“We are the first and only ones in the world to drill through an ice stream. Half of Greenland’s loss of ice sheet mass occurs by way of ice streams, which are are like rivers of fast-flowing ice within the ice sheet that slide towards the sea and eventually calve to become icebergs. The prospects are significant, as we expect research results to provide improved forecasts with regards to rising sea levels in the future – an area now subject to great uncertainty,” according to the Niels Bohr Institute’s Dorthe Dahl-Jensen.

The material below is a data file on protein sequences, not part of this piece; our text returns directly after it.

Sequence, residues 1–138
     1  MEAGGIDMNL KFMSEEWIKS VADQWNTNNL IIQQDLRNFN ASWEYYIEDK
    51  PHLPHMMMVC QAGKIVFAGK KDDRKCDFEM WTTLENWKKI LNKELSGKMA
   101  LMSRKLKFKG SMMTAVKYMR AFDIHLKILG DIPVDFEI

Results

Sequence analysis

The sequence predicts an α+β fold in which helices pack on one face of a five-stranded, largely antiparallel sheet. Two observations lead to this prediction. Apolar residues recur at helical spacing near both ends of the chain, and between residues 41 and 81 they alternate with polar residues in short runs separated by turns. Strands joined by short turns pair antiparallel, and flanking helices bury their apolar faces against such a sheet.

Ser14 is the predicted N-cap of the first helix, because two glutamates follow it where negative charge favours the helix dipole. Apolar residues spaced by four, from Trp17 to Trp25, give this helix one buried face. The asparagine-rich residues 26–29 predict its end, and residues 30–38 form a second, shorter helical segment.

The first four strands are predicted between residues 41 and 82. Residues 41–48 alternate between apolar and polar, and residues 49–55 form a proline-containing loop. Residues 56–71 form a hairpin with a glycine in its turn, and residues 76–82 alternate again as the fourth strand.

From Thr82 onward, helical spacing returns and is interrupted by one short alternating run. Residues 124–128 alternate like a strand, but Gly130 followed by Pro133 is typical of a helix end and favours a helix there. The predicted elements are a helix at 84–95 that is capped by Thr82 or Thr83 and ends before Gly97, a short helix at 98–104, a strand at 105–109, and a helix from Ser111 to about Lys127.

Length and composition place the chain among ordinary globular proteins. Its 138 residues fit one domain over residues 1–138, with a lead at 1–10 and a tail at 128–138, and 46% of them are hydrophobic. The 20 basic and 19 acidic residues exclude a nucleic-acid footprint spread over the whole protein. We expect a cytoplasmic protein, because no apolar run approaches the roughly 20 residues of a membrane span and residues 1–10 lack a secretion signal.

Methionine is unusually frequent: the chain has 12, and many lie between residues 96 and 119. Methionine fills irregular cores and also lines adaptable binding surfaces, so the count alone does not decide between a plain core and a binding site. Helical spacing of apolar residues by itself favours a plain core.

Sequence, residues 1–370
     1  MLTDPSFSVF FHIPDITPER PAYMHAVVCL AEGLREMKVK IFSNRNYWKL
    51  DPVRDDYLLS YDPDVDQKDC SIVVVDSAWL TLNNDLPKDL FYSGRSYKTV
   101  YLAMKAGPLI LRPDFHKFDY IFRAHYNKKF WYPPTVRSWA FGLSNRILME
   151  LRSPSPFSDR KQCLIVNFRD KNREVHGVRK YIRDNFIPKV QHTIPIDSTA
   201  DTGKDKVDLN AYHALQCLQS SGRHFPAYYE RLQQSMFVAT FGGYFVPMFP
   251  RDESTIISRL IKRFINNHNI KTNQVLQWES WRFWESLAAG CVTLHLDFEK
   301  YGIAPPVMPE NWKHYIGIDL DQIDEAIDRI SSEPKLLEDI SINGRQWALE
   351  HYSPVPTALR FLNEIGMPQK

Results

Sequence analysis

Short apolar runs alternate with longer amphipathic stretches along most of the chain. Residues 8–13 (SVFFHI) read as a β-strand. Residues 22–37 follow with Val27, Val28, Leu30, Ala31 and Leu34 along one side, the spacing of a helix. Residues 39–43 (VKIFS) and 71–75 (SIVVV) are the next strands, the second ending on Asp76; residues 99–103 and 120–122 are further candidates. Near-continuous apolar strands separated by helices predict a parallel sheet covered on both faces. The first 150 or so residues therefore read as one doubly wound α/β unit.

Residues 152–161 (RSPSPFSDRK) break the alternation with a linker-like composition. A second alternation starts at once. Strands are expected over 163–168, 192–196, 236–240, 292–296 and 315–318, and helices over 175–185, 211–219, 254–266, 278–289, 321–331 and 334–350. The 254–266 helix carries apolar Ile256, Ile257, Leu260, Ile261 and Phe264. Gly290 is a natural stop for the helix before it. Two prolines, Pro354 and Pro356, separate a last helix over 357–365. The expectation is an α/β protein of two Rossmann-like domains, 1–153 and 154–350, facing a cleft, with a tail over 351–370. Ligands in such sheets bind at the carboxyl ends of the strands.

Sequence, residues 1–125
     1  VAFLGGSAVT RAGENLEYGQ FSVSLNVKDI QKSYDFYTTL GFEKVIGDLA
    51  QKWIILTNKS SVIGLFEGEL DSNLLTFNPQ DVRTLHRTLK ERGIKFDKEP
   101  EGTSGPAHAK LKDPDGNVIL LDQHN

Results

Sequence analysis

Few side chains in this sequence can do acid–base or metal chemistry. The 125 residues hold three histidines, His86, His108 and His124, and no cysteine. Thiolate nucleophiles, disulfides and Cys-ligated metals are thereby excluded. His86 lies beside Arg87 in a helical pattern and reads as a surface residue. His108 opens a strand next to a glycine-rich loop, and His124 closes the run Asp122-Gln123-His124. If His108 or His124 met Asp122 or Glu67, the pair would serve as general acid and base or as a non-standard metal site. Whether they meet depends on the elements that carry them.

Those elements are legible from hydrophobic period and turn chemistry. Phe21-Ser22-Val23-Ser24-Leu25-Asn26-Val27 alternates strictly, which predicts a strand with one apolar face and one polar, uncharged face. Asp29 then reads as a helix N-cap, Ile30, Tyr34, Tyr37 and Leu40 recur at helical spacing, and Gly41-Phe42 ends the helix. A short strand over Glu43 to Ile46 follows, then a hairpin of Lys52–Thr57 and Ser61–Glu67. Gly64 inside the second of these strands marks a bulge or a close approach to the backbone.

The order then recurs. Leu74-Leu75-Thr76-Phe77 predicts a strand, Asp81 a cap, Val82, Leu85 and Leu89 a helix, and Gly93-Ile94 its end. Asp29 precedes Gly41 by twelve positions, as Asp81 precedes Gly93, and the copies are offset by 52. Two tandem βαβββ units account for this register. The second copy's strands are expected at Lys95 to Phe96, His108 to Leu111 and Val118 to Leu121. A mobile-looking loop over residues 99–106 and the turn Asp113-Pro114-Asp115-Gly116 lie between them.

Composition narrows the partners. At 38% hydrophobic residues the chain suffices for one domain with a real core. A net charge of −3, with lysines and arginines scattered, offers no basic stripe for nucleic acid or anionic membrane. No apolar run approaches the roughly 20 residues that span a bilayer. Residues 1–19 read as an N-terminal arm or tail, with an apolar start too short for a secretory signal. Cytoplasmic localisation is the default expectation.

Researchers will study the ice core ice’s fluid-like properties by measuring physical properties and performing deformation studies of the ice core to better understand the material characteristics of the ice. The drill hole’s movement and deformation will also be measured.
Read the Science and Technology Research News story - “New Ice Core Drilling in Northeast Greenland to Help Us Prepare for Climate Change.”